10 Tips for Equity in Interviewing

I’ve written a lot about the principles behind ethical storytelling, how empathy differs from sympathy in storytelling, why exploitative storytelling persists, and how the evolving landscape of lexicon and language influence meaning and marginalization. These topics are great for reflection, but in this article I roll up my sleeves to give you some tangible tips on two of the most critical points of storytelling: interviewing and editing.

Most of my readers are involved in fundraising or marketing; even if you are not directly responsible for interviewing program participants to acquire new stories, I encourage you to approach this article with an open mind, ask questions of your colleagues who do interview, and begin a dialogue to see where your story acquisition process can improve.

I open with a quote we would all do well to remember:

“The experience of being understoodversus interpreted, is so compelling you can charge admission.” (The Experience Economy, 1999)

Here, author Joseph Pine illustrates the fundamental difference to keep in mind when we interview: that we are not the authors of this person’s story. We are not their “voice,” as I so often hear nonprofits claim to be; we are really their microphone, amplifying their words and experiences. The goal of the interview is, as Amy Costello of Nonprofit Quarterly says, to “establish intimacy and trust,” not to get certain predetermined words or phrases that will fit nicely in a tweet or campaign letter. If our story contributors leave the interview feeling understood, then we have achieved a whole lot. But what does that mean? We can’t force someone to feel understood, nor can we force ourselves to understand. So, what best practices can we actually operationalize in the interview and editing process to ensure we are honoring the gift of another person’s story?

Practical Tips for Before the Interview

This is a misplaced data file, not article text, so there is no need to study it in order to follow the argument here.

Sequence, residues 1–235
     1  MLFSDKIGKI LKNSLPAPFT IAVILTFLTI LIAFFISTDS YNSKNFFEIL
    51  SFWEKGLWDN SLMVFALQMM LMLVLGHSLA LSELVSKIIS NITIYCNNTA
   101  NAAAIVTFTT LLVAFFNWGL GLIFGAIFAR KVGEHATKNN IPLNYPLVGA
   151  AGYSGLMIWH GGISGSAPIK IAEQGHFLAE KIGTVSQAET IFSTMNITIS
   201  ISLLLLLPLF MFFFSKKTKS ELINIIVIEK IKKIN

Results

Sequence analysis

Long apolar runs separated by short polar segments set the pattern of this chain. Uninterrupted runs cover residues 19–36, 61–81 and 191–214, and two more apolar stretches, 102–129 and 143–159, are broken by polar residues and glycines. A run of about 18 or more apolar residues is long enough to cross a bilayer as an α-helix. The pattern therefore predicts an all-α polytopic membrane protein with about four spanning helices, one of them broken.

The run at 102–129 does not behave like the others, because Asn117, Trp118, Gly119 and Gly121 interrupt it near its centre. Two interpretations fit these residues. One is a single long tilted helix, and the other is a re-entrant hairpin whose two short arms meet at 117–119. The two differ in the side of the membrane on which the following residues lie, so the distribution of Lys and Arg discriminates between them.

1. Select the right contributors: relationship, risk, and opting in

Some organizations work closely with program staff to carefully select those contributors who seem most ready to tell their stories. The goal is to not approach someone whose trauma is too recent or who may experience negative effects from sharing their story. If that is the method used by your organization, I encourage you to make your assessment based on relationship and risk.

Relationship: How long have you known this contributor? How clearly have they historically communicated their needs? Would you be able to follow up with them after they share their story to assess impact?

Risk: How much is at stake if the contributor feels harmed by sharing the story? Could their mental or emotional health be negatively impacted by them sharing (for instance, if they are known to experience suicidal ideation)? Could their current situation (e.g., housing, job, roommates) be negatively impacted by them sharing?

Ideally, you want some balance of high relationship and low risk.

There’s a second path to take. Instead of selecting contributors, could your organization set up a process where potential contributors opt in? Where they can express desire to share their story proactively, without a direct ask. For example, would it be possible to have a sign-up card and box available at a site for contributors to self-select in? Could you include the question “Would you be interested in sharing your experience with our supporters?” on a routine questionnaire so that the question feels like standard info-gathering and not a high-pressured ask.

Creating the right process to minimize the risk of harm to your contributors and ensure they are comfortable sharing their stories is the first step.

2. Share sample questions in advance